The 2011 season was filled with a myriad of highs and lows for Harvard men’s lacrosse.
The team finished the year ranked No. 14 in the country, and its 10 wins were the most by a Crimson squad since 1998.
But at the same time, the season left an aura of unfulfilled potential.
And at the end of the day, Harvard continued to come up just short.
After barely losing numerous games during the regular season, the Crimson finished runner-up in the Ivy League, and just missed out on an at-large bid to the NCAA Tournament.
The year started with a home win over Canisius and a loss at Hofstra, the nation’s fifth-ranked team at the time.
Harvard then swept three consecutive home games against then-No. 20 Georgetown, Bellarmine, and Holy Cross, and won a big road contest at Brown. At 5-1 and ranked No. 17 in the country, the Crimson was off to its best start since 2000.
Then came the mid-season swoon. Harvard lost a heartbreaker at the buzzer to Dartmouth, and after a comeback victory over then-No. 16 UMass, the team dropped two more one-goal games in succession—12-11 to Albany and 13-12 to then-No. 6 Cornell—blowing late leads in each.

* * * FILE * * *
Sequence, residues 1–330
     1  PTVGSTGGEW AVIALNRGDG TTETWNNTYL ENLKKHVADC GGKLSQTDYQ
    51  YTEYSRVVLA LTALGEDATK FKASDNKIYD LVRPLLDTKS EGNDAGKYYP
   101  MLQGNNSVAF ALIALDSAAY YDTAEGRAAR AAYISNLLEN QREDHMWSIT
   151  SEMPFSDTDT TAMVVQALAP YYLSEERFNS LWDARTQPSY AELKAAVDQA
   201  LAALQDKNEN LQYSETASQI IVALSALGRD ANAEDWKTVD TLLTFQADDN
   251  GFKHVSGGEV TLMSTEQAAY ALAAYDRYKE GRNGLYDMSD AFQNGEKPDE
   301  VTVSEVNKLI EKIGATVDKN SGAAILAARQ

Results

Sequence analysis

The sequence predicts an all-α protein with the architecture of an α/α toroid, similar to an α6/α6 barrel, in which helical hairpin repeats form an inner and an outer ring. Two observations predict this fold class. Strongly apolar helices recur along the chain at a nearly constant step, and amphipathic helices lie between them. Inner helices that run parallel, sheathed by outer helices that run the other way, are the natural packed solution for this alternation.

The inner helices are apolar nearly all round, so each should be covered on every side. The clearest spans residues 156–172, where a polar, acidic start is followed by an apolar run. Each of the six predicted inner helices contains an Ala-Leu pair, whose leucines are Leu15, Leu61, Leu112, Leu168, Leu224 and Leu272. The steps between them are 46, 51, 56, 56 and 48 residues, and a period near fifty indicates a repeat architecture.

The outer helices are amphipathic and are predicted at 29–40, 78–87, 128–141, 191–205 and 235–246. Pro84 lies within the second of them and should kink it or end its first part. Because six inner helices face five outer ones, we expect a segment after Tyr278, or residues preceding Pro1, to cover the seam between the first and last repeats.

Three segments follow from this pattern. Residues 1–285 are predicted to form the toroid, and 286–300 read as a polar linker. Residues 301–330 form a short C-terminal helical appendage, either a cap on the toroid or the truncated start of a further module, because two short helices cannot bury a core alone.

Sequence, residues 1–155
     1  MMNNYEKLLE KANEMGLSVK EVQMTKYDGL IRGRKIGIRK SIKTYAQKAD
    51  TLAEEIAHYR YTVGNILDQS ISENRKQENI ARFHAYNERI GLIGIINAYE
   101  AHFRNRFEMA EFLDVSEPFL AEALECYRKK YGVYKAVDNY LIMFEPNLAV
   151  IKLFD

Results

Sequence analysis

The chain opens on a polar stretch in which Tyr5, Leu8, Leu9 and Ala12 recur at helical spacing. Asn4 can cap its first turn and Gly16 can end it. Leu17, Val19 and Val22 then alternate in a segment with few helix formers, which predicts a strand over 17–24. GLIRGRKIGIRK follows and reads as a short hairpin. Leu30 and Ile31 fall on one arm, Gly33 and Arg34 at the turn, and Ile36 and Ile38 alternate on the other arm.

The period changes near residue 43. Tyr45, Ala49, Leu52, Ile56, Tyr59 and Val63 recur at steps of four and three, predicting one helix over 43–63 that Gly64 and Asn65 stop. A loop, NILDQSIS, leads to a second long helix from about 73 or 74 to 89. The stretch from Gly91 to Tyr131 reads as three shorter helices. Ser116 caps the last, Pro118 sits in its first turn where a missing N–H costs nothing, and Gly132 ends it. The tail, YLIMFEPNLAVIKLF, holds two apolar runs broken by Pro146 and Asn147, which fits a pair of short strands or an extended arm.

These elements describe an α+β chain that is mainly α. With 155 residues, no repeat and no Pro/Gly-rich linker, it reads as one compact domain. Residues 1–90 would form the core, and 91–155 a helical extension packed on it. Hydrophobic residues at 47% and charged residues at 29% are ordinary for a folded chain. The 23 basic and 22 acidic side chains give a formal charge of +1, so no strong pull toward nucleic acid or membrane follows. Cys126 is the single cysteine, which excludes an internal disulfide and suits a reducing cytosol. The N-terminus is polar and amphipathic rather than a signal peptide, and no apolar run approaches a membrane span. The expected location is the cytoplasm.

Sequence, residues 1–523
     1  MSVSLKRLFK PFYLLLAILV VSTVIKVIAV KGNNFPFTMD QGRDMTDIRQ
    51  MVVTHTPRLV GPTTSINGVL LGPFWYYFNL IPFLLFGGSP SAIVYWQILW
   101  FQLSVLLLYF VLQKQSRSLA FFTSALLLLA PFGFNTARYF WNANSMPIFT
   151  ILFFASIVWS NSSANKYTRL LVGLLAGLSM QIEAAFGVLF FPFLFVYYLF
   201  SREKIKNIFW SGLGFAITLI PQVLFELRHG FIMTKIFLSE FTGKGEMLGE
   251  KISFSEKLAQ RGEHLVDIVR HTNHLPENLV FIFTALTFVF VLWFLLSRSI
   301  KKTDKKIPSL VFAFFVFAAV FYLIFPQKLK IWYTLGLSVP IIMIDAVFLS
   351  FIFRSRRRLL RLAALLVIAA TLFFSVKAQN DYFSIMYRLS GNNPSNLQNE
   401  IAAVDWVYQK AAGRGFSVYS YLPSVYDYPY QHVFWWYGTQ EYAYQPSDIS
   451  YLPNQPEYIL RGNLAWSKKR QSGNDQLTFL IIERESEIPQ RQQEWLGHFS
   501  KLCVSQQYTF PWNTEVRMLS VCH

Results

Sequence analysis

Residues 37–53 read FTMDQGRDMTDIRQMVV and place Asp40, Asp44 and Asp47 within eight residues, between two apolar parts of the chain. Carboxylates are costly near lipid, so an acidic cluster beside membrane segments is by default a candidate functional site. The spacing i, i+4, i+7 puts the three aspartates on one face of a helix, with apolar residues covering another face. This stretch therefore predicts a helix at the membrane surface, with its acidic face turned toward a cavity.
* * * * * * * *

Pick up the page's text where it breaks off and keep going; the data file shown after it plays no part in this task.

After beating Quinnipiac, the Crimson then suffered its most devastating defeat yet, a 7-6 loss in double overtime to then-No. 15 Penn.
But at the end of the season, Harvard turned it on again, emerging victorious in must-win Ivy contests at Princeton and versus then-No. 14 Yale on senior day to earn the third seed in the Ancient Eight tournament.
“We started coming together and playing well as a team, which led to our success at the end of the year,” freshman Daniel Eipp said. “Midseason, we had a little slump since we weren’t playing our game, but we were able to win some key games down the stretch.”
In the tournament’s first round, the Crimson got its revenge on the Quakers, dominating then-No. 15 Penn en route to a 12-8 win.
But in the championship at No. 2 Cornell, Harvard fell apart in the third quarter and couldn’t recover, losing by a score of 15-6.
With a win in any of its one-loss Ivy defeats, the Crimson would have likely earned an at-large bid to the 16-team NCAA Tournament. Instead, Harvard ended up widely considered to be the “last team out,” and the season was suddenly over.
But on the whole, it was a successful first year for rookie coach Chris Wojcik ’96, who took the reins of the Crimson after serving as an assistant at Penn and brought a new, fast-paced offensive system with him.